He looked at me, scratched his head, and said simply, “Do they get a grant?”
The need for remediation was even greater than I thought.
I suspect that my pre-teen wasn’t alone in believing that the academic health center could be propped up by its research enterprise, particularly at places like UCSF that bring in hundreds of millions of NIH grant dollars every year. But, even if it might have been true in the past, those days are over.
Now, both the educational and research missions require subsidies. The best estimate is that every medical student costs his or her school about $100,000 (the true training costs minus tuition), and each dollar in research grants requires a 30-40% match to cover all the true costs (including grants management and administrative support). This research funding gap is so serious that, at a recent UCSF Leadership Retreat, guest speaker Duke CEO Victor Dzau declared that Duke would no longer try to maximize its NIH grants – potentially jeopardizing its prized place on the NIH top recipients list (Duke was 8th last year) by “rightsizing” its research enterprise.
I see this challenge playing out in my own hospital. That $200 million profit? By the time we’re done building buildings and implementing our new IT system, there won’t be enough money left to pay for all the hospitalists and NPs to cover for shorter housestaff work-weeks, to provide a lifeline for physicians whose reimbursements are plummeting, to meet growing accreditation and regulatory requirements, and to address these teaching and research deficits.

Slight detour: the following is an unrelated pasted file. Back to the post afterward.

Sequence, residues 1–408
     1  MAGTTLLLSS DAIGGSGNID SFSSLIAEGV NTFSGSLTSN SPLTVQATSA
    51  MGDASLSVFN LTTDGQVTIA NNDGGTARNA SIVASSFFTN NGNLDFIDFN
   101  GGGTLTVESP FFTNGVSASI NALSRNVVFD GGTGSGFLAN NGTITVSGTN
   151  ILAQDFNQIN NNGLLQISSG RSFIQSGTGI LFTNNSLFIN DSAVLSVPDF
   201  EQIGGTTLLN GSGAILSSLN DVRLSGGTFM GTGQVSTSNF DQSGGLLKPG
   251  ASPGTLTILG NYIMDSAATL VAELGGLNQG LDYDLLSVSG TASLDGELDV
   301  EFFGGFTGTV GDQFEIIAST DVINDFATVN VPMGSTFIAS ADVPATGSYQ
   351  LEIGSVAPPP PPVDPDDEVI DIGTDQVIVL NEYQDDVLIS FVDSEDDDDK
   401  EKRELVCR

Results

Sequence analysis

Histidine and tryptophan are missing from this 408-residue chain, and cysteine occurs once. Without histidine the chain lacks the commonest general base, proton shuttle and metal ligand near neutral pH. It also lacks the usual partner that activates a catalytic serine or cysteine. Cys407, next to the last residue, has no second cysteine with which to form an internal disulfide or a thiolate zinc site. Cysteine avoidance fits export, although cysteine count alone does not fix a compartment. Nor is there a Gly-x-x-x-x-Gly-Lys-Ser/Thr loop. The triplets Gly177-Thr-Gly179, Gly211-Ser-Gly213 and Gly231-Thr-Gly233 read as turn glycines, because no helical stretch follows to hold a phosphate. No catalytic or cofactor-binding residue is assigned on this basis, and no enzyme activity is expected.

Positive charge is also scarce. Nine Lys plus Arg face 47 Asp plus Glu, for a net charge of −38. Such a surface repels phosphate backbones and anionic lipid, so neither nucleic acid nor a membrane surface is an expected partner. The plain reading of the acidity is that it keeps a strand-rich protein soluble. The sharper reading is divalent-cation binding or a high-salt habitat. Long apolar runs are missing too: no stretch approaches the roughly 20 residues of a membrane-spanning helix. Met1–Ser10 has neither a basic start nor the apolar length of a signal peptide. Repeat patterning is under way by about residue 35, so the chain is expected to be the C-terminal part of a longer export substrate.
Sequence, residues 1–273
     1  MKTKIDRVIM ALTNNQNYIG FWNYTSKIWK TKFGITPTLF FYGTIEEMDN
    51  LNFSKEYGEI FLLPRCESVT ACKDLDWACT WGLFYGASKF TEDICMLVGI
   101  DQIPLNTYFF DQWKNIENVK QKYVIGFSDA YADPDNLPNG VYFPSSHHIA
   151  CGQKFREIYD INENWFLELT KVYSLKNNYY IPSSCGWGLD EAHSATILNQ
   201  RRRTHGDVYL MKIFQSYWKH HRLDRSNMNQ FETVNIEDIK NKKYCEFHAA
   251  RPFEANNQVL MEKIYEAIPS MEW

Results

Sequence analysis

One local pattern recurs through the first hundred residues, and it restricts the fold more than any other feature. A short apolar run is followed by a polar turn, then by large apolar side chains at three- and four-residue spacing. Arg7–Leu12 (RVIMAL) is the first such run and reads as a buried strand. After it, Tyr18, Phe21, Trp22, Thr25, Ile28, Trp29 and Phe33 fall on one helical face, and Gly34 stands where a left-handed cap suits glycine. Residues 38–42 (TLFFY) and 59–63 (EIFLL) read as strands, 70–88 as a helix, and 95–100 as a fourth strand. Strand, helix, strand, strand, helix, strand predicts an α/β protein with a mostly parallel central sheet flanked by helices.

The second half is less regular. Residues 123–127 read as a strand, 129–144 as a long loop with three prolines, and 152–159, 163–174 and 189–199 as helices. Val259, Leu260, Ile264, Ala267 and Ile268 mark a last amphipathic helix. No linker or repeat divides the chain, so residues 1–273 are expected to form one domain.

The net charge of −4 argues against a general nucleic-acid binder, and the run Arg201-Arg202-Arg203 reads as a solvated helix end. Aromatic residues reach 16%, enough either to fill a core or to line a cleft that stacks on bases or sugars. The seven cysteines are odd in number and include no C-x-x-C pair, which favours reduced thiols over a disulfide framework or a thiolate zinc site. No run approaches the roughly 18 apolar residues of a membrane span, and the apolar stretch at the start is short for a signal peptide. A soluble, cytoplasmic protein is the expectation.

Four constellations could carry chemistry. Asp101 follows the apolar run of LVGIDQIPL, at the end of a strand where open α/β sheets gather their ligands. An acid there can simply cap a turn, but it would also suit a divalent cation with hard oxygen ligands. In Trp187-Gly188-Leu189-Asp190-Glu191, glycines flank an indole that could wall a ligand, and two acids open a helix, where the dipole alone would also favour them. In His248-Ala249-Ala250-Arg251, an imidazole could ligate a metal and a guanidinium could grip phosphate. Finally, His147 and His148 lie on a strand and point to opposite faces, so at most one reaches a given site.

Those of you who understand academic Inside Baseball might wonder why deficits in research or student funding would be the concern of the academic medical center (AMC)? After all, shouldn’t the medical school’s dean, who controls education and research, be on the hook to fill these gaps? Perhaps so, but in virtually every school I know, that particular cupboard is bare. Medical schools, particularly state schools like mine, which have traditionally depended on tax dollars for some of their funding, are seeing their state funding slashed faster than a Wisconsin unionite. This leaves the medical center as the only deep pocket in the neighborhood, and everybody has his or her hands inside, rummaging around for spare coins.
For some AMCs, this Death-by-1000-Cross-Subsidies may soon get even worse. A colleague recently pointed out to me that the only profitable part of the entire University of California system (other than its sports teams) may be its teaching hospitals. We may soon reach the day when medical center revenues will not only be tapped to help prop up unprofitable clinical services, but also the philosophy department at UC Santa Cruz.
If AMCs remained as profitable as some (including my own) are now, they could probably survive all of these outstretched hands. But nobody thinks that they will be. And therein lies another even more daunting problem.
In the new world of healthcare, the winners will be those organizations that figure out how to deliver care of the highest value – the safest, highest quality, most satisfying care at the lowest cost. Doing this will require the creation of new entities (“Accountable Care Organizations”) that integrate the docs and the delivery system – not just hospitals but clinics, nursing facilities, hospices, home care – into a seamless whole that can deliver cost-effective care across the continuum. ACOs will profit if they can deliver high value care, and fail if they can’t.